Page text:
“This is a pivotal moment for leaders as organizations stretch for more sustainable operating models post-pandemic. They must move from crisis mode to ensuring that they leverage the knowledge they’ve gained from their experiences of the past couple of years. The most successful leaders will make 2022 a year of renewed, purposeful commitment to investing in people and to making an inclusive workforce a reality.” – Bert Miller, President & CEO, MRINetwork
Tegus, a leading provider of primary business and market intelligence for key decision makers, has announced plans for the establishment of its EMEA HQ in Waterford City, Ireland, which will lead to the creation of up to 100 jobs over the next two years. Headquartered in Chicago since 2018, Tegus now serves more than 1,000 customers worldwide, including investment firms, corporations, and consultancies. The EMEA team will enable Tegus to further build out its global content and data sets by supporting more local customers and covering a growing number of international companies on its platform.
The Tegus product has already seen high demand from customers internationally and having a committed EMEA HQ will provide an even stronger customer experience and attract foreign direct investment as the business grows. Tegus has already begun hiring for roles across the areas of Business Development, Customer Success, Operations, Sales, and People Management.
Global expatriate networking group InterNations recently released the latest edition of its Expat City Ranking, which surveyed a total of 12,420 expats representing 174 nationalities living in 186 countries across the globe. The Malaysian capital, Kuala Lumpur (KL), has been crowned the best city in the world to live in for expats, dethroning Singapore and shedding new light on expat perspectives of Southeast Asia’s major cities. The survey asked respondents to provide ratings for various factors, including Quality of Urban Living, Getting Settled, Urban Work Life, and Finance & Housing. Ranking first in the Getting Settled index, KL is a great place to make new connections, and expats living in KL find it easy to make new friends in the city. Another draw for expats is the fact that most people can get around with daily life without having to speak the local language since the majority of people speak English. KL also dominates the Finance & Housing index for its affordable and easily available expat housing. It’s important to note, however, that the Malaysian capital only ranks 41st in the Quality of Urban Living index. And when it comes to micro-factors such as political stability, personal safety, public transport, and the urban environment, Kuala Lumpur actually ranks below the global average.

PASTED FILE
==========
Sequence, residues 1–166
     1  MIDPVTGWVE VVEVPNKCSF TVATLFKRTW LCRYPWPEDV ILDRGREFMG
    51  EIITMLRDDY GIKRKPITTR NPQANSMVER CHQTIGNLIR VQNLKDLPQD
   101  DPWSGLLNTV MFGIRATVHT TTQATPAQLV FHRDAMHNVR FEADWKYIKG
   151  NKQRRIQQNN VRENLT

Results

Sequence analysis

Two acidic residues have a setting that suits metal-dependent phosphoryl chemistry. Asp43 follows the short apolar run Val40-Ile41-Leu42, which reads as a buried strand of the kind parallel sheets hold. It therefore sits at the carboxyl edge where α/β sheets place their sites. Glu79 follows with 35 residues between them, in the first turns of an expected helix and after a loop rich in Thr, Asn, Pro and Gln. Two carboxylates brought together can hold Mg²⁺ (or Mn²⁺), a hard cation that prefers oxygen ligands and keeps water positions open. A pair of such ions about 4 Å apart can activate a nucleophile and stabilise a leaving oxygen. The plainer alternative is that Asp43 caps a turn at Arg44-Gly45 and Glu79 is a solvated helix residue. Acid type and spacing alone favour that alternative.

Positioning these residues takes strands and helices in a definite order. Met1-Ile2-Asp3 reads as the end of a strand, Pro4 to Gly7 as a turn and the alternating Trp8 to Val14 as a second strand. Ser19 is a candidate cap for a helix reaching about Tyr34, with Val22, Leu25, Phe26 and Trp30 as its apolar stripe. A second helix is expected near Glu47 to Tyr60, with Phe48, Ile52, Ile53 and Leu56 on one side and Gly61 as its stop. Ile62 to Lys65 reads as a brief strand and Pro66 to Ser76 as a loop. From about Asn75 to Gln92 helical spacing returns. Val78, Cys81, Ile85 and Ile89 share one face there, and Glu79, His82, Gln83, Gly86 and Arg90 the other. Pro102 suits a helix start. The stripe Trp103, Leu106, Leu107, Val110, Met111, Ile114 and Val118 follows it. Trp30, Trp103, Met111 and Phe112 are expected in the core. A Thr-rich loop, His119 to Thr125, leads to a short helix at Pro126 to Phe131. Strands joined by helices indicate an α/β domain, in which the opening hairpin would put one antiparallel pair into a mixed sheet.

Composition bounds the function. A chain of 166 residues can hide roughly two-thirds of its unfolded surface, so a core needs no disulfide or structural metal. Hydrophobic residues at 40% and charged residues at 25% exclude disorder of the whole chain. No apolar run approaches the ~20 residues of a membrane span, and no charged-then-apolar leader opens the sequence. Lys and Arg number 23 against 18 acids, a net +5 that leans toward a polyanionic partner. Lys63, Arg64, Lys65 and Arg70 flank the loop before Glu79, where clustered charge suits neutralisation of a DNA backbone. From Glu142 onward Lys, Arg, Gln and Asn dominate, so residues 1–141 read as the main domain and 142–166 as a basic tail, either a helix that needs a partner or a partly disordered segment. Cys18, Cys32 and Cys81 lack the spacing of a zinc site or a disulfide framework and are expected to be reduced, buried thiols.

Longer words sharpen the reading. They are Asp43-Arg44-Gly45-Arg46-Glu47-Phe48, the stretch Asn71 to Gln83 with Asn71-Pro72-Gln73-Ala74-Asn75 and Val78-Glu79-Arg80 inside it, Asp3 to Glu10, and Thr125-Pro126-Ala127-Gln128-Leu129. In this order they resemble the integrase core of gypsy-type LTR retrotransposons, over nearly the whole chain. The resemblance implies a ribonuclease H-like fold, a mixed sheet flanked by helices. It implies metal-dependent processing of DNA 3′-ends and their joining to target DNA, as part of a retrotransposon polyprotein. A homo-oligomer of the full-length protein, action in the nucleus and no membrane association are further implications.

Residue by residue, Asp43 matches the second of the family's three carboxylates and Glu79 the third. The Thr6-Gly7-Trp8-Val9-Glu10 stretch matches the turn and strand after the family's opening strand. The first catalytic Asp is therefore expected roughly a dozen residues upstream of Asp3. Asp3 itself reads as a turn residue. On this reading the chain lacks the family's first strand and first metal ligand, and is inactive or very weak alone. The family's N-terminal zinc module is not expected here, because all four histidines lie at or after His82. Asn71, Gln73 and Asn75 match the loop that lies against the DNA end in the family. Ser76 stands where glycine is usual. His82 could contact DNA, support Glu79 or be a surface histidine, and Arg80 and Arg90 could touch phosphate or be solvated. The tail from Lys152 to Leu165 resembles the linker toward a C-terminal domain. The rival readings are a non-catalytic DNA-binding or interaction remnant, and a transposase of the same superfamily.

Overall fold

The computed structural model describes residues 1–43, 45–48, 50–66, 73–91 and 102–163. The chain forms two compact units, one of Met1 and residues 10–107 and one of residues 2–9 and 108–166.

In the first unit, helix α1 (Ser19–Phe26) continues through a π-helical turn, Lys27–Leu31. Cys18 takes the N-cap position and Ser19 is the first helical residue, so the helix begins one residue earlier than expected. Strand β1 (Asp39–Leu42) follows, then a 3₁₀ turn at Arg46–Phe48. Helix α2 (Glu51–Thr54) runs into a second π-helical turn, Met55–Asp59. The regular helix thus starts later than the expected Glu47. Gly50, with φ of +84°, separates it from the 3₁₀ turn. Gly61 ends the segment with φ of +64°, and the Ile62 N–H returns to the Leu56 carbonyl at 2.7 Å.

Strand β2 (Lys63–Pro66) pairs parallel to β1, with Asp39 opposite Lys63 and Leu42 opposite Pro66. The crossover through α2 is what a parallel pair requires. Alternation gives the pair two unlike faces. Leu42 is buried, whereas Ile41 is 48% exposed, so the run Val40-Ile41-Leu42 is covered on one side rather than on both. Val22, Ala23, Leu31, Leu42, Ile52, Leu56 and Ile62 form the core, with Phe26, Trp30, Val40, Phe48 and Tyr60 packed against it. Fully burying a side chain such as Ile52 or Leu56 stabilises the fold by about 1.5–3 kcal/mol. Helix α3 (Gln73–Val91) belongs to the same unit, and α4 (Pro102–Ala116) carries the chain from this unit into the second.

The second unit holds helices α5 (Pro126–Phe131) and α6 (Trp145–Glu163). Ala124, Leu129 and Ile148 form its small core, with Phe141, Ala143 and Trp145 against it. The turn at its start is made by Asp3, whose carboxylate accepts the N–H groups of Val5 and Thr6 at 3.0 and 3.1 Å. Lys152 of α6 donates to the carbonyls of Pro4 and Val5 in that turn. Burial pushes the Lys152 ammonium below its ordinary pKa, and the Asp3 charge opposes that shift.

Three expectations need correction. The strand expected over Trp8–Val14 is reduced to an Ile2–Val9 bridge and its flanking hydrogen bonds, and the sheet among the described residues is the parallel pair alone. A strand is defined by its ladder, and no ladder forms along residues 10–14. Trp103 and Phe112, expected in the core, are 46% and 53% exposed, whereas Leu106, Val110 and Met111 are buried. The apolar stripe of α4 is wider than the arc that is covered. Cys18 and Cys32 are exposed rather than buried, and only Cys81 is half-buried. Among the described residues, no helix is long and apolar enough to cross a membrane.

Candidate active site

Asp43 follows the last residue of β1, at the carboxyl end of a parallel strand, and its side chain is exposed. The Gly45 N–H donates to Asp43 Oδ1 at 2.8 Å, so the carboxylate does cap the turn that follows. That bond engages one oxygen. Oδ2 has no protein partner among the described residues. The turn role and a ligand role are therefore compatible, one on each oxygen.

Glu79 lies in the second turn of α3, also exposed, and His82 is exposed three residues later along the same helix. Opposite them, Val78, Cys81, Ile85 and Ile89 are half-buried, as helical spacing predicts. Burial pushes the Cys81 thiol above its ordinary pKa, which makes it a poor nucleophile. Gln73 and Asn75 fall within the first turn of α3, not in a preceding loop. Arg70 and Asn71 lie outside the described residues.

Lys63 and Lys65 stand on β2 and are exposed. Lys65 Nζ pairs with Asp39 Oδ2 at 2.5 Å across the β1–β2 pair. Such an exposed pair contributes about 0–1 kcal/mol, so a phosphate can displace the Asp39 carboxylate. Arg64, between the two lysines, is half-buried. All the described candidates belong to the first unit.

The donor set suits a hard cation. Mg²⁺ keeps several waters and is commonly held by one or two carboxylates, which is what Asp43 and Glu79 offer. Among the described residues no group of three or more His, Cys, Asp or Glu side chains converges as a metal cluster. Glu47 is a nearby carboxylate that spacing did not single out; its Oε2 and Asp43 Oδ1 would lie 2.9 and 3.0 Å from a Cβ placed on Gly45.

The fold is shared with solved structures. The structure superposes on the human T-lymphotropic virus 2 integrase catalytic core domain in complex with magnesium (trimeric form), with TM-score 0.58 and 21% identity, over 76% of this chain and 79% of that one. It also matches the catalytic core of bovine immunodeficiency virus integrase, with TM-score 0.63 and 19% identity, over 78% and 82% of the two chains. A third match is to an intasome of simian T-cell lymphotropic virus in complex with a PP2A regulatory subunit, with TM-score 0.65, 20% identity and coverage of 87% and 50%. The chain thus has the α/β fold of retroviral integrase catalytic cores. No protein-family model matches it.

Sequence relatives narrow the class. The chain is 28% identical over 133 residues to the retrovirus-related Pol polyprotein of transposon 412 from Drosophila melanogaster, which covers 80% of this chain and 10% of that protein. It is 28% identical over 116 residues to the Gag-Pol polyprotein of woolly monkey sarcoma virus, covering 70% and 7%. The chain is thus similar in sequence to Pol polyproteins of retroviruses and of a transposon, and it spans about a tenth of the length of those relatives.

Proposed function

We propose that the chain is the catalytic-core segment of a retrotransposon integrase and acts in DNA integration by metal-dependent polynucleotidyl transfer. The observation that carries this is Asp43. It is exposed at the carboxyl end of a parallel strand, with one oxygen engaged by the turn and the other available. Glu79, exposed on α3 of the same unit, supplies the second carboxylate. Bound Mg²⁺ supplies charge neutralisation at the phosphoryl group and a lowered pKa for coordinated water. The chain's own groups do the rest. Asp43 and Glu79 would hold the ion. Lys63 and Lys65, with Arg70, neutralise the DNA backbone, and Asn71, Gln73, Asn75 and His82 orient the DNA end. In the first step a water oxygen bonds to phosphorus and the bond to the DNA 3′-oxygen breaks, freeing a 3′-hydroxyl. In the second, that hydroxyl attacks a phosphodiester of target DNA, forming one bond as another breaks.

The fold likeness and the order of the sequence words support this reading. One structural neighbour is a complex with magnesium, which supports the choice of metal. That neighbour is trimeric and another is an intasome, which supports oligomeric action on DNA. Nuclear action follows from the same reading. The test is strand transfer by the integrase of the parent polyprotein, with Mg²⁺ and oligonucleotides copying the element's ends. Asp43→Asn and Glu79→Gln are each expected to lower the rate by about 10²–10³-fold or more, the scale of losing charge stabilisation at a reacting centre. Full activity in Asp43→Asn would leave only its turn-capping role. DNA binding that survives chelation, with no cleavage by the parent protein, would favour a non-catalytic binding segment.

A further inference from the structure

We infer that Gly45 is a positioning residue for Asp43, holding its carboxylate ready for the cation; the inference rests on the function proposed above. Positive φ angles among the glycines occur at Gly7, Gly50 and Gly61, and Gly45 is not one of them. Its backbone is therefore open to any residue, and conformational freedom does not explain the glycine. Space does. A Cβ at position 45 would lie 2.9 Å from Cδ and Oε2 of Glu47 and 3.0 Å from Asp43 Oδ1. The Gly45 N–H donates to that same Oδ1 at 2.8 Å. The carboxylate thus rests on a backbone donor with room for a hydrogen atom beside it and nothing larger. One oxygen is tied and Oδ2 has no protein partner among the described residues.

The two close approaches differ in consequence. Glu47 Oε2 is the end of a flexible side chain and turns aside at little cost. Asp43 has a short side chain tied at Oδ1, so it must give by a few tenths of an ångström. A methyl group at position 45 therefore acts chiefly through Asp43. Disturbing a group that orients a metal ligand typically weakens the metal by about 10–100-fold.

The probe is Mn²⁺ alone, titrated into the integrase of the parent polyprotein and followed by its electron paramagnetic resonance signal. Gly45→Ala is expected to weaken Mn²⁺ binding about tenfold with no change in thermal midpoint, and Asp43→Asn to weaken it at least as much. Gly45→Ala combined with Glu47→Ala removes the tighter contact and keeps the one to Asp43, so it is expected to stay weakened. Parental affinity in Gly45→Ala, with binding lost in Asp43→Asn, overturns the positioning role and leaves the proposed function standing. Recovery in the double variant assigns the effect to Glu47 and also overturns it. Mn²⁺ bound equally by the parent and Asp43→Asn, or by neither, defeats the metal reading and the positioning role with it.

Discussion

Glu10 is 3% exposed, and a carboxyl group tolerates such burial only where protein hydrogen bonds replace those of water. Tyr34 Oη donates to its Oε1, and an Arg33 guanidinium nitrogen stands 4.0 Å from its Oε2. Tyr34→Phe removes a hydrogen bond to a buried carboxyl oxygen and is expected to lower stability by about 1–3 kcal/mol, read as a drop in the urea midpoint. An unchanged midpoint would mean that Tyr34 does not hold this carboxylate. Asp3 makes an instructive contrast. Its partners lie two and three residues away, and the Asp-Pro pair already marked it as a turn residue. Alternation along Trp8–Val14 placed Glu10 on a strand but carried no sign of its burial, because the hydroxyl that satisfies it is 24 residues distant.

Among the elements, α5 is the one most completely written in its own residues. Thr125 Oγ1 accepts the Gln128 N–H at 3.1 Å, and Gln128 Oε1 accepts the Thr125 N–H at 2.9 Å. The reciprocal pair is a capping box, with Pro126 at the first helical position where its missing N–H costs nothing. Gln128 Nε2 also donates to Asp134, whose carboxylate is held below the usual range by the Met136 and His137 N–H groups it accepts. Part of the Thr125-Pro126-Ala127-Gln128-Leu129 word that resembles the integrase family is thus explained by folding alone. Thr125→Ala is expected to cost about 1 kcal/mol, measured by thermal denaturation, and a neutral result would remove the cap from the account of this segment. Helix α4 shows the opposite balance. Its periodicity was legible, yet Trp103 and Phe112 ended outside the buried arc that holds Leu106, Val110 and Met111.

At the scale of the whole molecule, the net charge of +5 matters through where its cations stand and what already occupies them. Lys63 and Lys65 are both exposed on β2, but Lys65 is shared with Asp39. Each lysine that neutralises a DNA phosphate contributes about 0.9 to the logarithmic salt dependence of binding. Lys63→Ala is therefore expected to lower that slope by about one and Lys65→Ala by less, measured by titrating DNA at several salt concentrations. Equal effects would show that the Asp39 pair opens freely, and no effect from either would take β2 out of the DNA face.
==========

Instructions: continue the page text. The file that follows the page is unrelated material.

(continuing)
The full survey results can be accessed at Kuala Lumpur is crowned the world’s best city to live in for expats | Mashable SE Asia.
One of the biggest challenges standing in the way of achieving a 100% renewable energy transition is the fact that key sources of renewable power including wind and solar don’t supply a steady flow of energy production because they are dependent on external factors such as weather, daylight hours, and seasons. One approach to solving this issue of variability is a new strategy being developed between Chile and China that is based on importing energy from the opposite side of the globe and building a solar empire so vast that the sun never sets. The two governments are currently planning to build a submarine cable running along the bottom of the ocean to export photovoltaic energy from South America to East Asia, according to the Chilean solar energy association (ACESOL). The cable will be 15,000 km long and is projected to cost about US$2 billion.
The so-called Antípodas project will be based on the enormous solar energy potential of Chile’s Atacama Desert, the driest non-polar desert in the world. The almost entirely cloudless desert is the region in the world with the highest rates of solar radiation, making it a prime location for a solar farm. Getting all that solar energy to Chinese markets, however, may be tricky. On top of the hefty price tag of the cable itself, China will have to seriously invest in building out its solar plant infrastructure to make way for Chile’s 3,106 MW of already-installed photovoltaic capacity. It will also require a lot of geopolitical deal-making between Chile, China, and other Asian economies.